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      Gun Shows and Gun Violence: Fatally Flawed Study Yields Misleading Results

      , , , ,
      American Journal of Public Health
      American Public Health Association

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          More Guns, More Crime

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            The US gun stock: results from the 2004 national firearms survey.

            To examine the size and composition of the privately held firearm stock in the US; and to describe demographic patterns of firearm ownership and motivations for ownership. A nationally representative household telephone survey of 2770 adults aged>or=18 years living in the US, conducted in the spring of 2004. Responses to questions regarding firearm ownership, the number and types of guns owned, and motivations for ownership. 38% of households and 26% of individuals reported owning at least one firearm. This corresponds to 42 million US households with firearms, and 57 million adult gun owners. 64% of gun owners or 16% of American adults reported owning at least one handgun. Long guns represent 60% of the privately held gun stock. Almost half (48%) of all individual gun owners reported owning>or=4 firearms. Men more often reported firearm ownership, with 45% stating that they personally owned at least one firearm, compared with 11% for women. The US population continues to contain at least one firearm for every adult, and ownership is becoming increasingly concentrated. Long guns are the most prevalent type of gun in the US but handgun ownership is widespread. Ownership demographic patterns support findings of previous studies.
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              Effects of state-level firearm seller accountability policies on firearm trafficking.

              Criminals illegally obtaining firearms represent a great risk to many urban residents. This cross-sectional study of 54 US cities uses data on state laws governing gun sales, a survey of law enforcement agencies' practices to promote compliance with gun sales laws, and crime gun trace data to examine associations between these policies and practices with gun trafficking indicators. Higher levels of local gun ownership were linked with greater intrastate gun trafficking. Regression models estimate that comprehensive regulation and oversight of gun dealers and state regulation of private sales of handguns were each associated with significantly lower levels of intrastate gun trafficking. Discretionary permit-to-purchase licensing laws' negative association with intrastate trafficking disappeared when local gun ownership is controlled. The effects of these relatively restrictive gun purchase laws on trafficking may be mediated by the laws' lowering of gun ownership. Relatively low prevalence of gun ownership may also be a prerequisite for passage of discretionary purchase. We observed no effect on intrastate trafficking of laws limiting handgun sales to a maximum of one per person per month.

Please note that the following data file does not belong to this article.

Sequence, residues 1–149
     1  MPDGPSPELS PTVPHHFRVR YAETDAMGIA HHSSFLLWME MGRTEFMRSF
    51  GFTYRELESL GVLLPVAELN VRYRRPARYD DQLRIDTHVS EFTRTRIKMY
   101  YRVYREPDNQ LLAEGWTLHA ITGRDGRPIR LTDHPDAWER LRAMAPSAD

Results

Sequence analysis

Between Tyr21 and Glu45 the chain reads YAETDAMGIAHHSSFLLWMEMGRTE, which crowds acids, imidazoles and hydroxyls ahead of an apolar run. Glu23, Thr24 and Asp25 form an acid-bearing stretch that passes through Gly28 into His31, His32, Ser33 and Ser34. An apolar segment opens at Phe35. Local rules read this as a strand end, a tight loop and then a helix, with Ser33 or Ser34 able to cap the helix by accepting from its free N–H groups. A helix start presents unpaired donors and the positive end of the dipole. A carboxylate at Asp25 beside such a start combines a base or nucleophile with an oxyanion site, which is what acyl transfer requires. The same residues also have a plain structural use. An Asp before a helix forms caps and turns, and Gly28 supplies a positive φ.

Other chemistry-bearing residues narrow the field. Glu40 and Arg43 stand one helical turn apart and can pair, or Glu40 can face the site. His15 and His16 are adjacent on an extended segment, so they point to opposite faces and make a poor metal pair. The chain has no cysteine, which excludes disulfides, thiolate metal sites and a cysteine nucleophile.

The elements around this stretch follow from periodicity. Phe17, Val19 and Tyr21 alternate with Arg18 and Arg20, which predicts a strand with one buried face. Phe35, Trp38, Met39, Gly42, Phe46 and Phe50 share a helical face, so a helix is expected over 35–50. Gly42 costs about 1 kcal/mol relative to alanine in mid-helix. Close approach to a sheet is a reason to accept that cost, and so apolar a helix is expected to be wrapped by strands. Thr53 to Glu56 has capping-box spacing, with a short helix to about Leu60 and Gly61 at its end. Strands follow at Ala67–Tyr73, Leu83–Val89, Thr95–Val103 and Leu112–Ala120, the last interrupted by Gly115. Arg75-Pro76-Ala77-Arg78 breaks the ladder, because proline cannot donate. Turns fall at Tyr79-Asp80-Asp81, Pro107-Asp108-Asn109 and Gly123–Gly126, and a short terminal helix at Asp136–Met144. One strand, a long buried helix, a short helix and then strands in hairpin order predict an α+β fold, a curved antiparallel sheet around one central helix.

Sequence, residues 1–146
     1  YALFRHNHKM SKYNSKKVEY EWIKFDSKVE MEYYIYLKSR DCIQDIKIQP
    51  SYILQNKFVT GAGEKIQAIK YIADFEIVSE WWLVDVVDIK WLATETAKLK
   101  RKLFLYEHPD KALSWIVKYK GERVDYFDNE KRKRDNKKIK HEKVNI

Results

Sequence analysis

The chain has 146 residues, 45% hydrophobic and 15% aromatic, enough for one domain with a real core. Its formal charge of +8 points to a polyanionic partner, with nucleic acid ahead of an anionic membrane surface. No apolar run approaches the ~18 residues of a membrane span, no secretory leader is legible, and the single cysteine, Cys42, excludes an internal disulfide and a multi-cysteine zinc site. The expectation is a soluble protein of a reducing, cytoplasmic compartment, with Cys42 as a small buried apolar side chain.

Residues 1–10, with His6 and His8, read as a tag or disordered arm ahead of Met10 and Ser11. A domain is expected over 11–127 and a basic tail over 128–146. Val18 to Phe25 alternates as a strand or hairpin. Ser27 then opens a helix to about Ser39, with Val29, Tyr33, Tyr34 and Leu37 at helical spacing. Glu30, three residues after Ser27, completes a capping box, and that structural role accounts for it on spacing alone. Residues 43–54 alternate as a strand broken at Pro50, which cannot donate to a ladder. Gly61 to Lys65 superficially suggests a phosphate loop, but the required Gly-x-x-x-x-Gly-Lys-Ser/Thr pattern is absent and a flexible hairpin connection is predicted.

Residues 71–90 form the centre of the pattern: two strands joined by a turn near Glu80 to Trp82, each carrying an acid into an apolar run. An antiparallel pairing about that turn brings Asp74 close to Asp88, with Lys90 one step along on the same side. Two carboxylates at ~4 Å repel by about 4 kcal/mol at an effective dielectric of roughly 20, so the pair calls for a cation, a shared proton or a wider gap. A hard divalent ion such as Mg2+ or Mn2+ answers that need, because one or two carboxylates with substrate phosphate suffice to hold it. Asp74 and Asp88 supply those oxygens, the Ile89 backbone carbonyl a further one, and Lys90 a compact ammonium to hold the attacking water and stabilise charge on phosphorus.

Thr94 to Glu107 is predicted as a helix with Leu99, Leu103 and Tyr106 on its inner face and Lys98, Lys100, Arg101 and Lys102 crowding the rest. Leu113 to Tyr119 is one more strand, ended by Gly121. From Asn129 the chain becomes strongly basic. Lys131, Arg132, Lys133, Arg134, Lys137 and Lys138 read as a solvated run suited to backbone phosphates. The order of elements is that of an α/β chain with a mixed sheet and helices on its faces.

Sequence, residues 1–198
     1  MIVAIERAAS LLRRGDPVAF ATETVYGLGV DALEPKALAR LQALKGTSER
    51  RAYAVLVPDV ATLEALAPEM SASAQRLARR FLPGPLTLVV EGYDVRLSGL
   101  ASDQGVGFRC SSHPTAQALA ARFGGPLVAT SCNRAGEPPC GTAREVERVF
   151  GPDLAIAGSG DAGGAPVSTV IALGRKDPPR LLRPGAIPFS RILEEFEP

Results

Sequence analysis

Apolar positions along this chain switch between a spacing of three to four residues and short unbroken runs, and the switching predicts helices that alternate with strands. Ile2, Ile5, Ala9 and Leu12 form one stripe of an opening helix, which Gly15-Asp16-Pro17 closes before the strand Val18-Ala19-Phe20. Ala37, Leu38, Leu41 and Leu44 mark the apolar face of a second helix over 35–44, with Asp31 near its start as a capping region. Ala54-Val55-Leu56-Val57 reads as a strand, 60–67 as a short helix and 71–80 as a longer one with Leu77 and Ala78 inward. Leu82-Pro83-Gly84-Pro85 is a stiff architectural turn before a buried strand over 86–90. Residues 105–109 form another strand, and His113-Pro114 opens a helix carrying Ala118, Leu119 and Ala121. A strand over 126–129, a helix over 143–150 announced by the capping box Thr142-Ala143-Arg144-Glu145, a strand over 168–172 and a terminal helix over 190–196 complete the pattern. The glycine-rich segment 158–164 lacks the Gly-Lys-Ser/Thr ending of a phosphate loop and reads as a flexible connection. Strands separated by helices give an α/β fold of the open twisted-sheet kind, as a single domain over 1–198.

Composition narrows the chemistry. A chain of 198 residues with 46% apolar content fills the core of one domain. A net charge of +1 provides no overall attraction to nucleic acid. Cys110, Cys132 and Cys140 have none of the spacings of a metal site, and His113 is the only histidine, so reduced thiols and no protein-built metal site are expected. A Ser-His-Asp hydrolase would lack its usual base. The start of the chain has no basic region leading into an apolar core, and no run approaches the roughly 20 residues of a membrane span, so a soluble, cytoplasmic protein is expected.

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                Author and article information

                Journal
                American Journal of Public Health
                Am J Public Health
                American Public Health Association
                0090-0036
                1541-0048
                October 2010
                October 2010
                : 100
                : 10
                : 1856-1860
                Article
                10.2105/AJPH.2010.191916
                d84691e1-ace0-4df7-923a-ced6bb1fbbf1
                © 2010
                History

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